Time for state to pick up special education costs
For years, Minnesota school districts have swallowed the cost imposed on them by unfunded state and federal mandates — rules and programs the government says they must provide, but for which the government provides little or no funding.
One of these mandates, in particular, is the cost of providing special education. School districts are required to provide — rightly so — educational programs for special needs students. Those programs may require extra teachers and aides, special materials and curricula, separate classrooms and facilities. These cost money, and over the years the state has covered a mere fraction of the cost. Currenlty, the state pays 6.43% of the special education funding gap. The burden falls on the school districts’ general funds, which takes away money for other programs. Cash-strapped school districts must either pass levy referendums or cut programs elsewhere.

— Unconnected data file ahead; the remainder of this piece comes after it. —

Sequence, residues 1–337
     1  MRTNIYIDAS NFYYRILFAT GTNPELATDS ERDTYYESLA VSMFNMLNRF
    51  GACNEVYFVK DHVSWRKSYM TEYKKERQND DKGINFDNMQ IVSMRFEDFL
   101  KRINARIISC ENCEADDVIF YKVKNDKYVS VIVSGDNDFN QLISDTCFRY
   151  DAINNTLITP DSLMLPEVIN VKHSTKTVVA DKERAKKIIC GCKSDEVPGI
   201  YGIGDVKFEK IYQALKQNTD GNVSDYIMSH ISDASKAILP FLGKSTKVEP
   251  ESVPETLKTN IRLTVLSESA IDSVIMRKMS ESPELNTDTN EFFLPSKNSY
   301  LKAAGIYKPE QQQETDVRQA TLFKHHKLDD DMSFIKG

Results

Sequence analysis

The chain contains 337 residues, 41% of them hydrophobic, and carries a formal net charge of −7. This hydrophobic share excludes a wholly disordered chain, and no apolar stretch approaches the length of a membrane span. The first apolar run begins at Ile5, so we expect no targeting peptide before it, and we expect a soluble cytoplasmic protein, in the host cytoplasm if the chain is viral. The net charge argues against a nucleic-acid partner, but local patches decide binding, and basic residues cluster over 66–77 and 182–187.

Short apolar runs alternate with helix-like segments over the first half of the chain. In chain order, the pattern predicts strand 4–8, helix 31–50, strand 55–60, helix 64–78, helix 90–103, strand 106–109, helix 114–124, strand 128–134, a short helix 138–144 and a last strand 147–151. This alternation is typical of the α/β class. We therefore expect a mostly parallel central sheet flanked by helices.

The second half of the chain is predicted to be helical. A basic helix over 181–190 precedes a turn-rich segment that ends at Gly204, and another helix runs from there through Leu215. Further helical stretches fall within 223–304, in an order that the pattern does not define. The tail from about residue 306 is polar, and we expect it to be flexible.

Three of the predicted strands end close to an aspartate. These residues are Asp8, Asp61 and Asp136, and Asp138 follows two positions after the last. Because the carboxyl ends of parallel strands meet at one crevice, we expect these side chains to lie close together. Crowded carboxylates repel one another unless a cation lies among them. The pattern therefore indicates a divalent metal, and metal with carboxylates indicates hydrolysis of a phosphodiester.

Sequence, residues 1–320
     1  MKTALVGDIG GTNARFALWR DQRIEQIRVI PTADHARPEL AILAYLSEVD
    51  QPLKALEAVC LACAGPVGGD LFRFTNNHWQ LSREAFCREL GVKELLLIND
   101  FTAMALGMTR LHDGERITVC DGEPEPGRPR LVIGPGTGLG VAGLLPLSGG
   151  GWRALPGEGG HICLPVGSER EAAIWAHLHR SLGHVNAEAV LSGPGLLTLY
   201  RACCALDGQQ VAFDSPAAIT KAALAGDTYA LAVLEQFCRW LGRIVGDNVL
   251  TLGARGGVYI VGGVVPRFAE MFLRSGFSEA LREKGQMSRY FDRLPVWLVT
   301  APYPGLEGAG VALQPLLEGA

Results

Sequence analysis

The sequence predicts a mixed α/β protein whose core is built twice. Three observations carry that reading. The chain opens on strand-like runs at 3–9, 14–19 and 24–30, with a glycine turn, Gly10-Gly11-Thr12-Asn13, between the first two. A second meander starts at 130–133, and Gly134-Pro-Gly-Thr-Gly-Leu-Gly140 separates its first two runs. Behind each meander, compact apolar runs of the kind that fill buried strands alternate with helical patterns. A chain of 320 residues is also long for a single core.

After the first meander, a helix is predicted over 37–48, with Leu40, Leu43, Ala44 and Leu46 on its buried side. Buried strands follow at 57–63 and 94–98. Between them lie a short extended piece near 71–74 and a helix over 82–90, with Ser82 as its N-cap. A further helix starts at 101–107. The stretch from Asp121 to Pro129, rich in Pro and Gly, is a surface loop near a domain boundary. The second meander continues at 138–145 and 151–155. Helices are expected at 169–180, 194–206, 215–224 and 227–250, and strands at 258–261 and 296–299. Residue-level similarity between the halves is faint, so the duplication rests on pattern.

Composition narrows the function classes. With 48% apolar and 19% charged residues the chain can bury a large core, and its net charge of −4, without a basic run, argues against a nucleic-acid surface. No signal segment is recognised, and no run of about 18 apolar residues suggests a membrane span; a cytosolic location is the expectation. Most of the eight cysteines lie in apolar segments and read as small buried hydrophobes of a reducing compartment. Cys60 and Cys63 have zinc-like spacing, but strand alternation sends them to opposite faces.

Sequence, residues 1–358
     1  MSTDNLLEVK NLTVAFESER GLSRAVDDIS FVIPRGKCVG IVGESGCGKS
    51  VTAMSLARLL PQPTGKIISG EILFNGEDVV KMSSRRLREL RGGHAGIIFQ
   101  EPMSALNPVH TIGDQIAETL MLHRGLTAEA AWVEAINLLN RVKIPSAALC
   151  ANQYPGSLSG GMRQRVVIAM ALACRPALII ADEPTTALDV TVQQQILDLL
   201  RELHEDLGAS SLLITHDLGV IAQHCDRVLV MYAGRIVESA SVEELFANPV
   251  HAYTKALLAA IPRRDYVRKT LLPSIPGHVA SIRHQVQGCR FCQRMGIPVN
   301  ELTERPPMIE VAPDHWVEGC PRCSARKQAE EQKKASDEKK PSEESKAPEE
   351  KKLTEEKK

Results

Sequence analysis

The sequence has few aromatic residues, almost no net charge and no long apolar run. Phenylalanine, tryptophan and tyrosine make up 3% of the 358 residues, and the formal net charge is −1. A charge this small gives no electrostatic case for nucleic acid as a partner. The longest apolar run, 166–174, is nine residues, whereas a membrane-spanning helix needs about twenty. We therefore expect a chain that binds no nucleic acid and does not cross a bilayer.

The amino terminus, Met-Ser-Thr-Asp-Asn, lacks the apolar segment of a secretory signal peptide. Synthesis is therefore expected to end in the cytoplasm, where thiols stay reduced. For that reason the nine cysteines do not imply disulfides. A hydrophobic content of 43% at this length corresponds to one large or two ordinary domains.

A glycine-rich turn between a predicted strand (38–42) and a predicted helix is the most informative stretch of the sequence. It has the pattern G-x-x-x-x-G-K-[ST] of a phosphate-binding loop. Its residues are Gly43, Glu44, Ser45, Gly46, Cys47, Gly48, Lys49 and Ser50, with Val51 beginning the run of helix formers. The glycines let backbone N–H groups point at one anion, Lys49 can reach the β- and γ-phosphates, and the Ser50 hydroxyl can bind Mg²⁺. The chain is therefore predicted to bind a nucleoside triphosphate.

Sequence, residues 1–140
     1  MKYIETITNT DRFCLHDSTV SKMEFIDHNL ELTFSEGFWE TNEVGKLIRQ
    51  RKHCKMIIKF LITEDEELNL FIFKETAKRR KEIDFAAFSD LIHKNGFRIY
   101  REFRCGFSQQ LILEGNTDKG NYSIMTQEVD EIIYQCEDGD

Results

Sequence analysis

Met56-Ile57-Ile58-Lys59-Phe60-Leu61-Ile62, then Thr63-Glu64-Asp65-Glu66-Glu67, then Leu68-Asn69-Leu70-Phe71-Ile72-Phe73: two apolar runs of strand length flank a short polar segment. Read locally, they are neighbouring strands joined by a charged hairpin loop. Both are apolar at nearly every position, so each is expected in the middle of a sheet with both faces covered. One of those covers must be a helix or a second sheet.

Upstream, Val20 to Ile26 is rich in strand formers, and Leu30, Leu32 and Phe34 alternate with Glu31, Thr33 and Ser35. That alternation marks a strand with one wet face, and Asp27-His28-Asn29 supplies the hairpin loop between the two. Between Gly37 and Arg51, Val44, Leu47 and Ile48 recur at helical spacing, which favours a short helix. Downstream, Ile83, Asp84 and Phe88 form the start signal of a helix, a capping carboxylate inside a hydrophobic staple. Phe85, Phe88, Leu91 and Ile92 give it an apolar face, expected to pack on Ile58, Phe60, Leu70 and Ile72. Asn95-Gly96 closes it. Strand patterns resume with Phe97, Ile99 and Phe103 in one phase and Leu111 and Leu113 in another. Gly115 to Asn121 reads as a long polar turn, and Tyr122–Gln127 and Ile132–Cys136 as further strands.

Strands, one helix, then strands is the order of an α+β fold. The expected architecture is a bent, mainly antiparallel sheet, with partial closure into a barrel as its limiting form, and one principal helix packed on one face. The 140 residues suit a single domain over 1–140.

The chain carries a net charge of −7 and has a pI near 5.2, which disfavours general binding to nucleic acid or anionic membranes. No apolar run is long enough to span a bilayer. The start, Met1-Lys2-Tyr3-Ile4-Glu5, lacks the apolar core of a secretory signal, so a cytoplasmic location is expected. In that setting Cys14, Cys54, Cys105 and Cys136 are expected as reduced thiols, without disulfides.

With the state’s massive $17 billion budget, Minnesota can afford to start picking up its share. Gov. Tim Walz’s budget proposal would provide $772.6 million in the next biennium and $849.1 million in 2026-27 for special education mandates, but that would only close the funding gap by 50 percent.
Rep. Dan Wolgamott (DFL-St. Cloud) has proposed closing the gap entirely. His proposal, HF18, would fully cover the cost, to the tune of more than $3 billion over the next four fiscal years.
The state is not alone in this lack of funding. The special education mandate was imposed by the federal government 50 years ago, and for 50 years it has not paid its funding commitment.
Whatever the state can do for special education would lift a great financial burden off the school districts in the state.